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by Lucy McCarraher & Annabel Shaw


How Gullible Are You?

A few blogs ago I looked at why it was that so many people ‘bought into’ the best selling book The Secret. You can read it here if you want.

When I was writing that blog I remembered a brilliant study first published in 1949* but which seems even more relevant today. In this study psychologist Bertram Forer looked at why it was that so many people believe in fortune tellers. Forer was apparently prompted to investigate this question after being accosted by one, who when asked what evidence he had for the accuracy of his readings, replied that his clients usually confirmed that he was correct.

Not happy with this as an explanation, Forer decided to investigate. This is what he did. He gave a personality test to his students and afterwards, he told his students they were each receiving a unique personality analysis that was based on the test's results. He then asked them to rate their analysis on a scale of 0 (very poor) to 5 (excellent) on how well it applied to themselves.
  • You have a great need for other people to like and admire you.
  • You have a tendency to be critical of yourself.
  • You have a great deal of unused capacity which you have not turned to your advantage.
  • While you have some personality weaknesses, you are generally able to compensate for them. Your sexual adjustment has presented problems for you.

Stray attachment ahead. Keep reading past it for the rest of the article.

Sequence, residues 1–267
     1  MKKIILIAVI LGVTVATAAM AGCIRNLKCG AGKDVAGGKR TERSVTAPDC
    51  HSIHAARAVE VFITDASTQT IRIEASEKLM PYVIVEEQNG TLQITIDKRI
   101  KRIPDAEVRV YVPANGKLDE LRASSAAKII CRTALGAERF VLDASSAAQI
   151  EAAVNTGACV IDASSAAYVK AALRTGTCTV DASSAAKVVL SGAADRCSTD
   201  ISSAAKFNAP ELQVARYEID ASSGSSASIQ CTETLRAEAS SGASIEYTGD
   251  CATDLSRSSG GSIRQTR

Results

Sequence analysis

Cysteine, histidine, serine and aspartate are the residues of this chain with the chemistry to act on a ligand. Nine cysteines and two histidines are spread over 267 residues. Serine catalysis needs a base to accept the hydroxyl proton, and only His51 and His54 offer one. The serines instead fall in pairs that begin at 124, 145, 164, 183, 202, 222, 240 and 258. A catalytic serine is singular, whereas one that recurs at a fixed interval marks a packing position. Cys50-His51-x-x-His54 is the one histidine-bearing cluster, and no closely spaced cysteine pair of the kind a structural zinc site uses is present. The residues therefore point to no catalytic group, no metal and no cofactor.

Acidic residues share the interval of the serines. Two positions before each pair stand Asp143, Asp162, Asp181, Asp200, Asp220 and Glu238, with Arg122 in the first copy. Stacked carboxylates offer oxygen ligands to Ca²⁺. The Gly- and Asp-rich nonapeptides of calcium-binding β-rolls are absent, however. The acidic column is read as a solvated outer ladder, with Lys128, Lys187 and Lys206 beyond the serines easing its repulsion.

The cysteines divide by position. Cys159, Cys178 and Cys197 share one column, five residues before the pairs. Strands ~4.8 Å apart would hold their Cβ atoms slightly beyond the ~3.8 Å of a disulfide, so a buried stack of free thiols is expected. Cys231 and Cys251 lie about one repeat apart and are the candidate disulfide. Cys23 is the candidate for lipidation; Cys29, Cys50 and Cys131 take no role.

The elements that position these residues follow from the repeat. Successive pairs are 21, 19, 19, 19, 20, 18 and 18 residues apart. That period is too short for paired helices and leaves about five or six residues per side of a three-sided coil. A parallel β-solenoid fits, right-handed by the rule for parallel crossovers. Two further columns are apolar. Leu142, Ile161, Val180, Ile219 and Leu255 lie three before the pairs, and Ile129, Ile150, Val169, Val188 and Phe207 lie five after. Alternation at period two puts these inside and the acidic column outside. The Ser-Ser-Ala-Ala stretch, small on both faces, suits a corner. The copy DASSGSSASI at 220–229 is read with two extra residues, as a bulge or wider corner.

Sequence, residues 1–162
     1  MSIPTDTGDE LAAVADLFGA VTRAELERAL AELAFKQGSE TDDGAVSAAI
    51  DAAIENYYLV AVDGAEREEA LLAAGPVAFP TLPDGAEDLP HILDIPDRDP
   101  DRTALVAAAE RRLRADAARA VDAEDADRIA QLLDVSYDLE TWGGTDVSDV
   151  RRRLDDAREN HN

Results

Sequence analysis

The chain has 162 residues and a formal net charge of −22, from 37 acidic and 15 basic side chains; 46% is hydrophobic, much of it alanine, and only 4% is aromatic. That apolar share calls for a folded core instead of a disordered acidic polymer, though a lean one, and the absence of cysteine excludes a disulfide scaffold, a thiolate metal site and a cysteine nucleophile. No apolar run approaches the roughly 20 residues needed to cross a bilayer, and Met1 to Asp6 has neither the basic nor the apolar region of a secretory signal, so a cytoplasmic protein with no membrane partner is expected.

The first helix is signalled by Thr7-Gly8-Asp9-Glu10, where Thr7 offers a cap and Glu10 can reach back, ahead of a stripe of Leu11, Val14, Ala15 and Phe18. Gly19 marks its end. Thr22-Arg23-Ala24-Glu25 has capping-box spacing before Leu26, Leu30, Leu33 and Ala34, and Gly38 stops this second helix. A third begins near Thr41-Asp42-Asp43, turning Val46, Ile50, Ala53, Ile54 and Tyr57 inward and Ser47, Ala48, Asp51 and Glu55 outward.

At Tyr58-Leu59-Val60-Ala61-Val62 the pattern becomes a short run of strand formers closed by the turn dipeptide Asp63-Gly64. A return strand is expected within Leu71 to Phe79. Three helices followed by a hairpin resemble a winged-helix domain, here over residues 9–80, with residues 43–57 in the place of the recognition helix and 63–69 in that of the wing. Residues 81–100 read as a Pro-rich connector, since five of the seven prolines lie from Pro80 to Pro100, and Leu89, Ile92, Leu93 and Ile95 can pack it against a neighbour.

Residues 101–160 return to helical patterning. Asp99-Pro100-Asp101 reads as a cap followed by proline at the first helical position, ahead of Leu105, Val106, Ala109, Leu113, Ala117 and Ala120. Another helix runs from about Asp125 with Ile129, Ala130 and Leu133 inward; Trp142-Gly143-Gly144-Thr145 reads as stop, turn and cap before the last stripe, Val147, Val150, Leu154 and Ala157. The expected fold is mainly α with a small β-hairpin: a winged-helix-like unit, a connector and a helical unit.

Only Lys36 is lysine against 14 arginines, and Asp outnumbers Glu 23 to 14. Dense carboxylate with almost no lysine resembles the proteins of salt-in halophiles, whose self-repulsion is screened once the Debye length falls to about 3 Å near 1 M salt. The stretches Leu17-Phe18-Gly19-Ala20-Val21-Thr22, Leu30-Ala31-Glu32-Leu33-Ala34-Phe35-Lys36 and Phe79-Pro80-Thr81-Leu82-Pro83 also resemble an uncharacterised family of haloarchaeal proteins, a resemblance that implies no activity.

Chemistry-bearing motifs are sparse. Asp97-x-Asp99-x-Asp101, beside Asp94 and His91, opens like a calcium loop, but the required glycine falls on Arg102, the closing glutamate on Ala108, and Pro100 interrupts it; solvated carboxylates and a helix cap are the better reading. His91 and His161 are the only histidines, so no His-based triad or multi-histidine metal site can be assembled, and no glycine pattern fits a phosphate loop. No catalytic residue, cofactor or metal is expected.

• Disciplined and self-controlled outside, you tend to be worrisome and insecure inside.
  • At times you have serious doubts as to whether you have made the right decision or done the right thing.
  • You prefer a certain amount of change and variety and become dissatisfied when hemmed in by restrictions and limitations.
  • You pride yourself as an independent thinker and do not accept others' statements without satisfactory proof.
  • You have found it unwise to be too frank in revealing yourself to others.
  • At times you are extroverted, affable, sociable, while at other times you are introverted, wary, reserved.
  • Some of your aspirations tend to be pretty unrealistic.
  • Security is one of your major goals in life.
In reality, each student received the same analysis (all of the above). On a scale of 1-5, students rated the accuracy of their profile, on average, as 4.2. They all thought that the personality analysis based on their earlier test was pretty damn accurate! These profile statements were taken from horoscopes printed in newspapers.

Now how many of those personality characteristics do you recognise as yours? Well I kind of thought they represented me very well. I came out 5. And that’s even knowing about the study (need to figure that one out)

The ‘Forer effect’ shows that people tend to accept generalised descriptions of their personalities without realising that the same evaluation could apply to nearly anyone else, because people want the results to be true. Whilst the Forer effect is most often applied to fortune tellers, it has also been cited as criticism of personality tests themselves - so just because the person is a psychologist doesn't mean they aren't tricking you.

So be on your guard whenever you’re asked to confirm as ‘true about yourself’, statements that could be applied to everyone! When it comes to reading horoscopes or having your palm read - just say NO (thank-you)
* Bertram R. Forer (1949) The Fallacy of Personal Validation: A classroom demonstration of gullibility. Journal of Abnormal Psychology 1949 (44)

posted by Annabel

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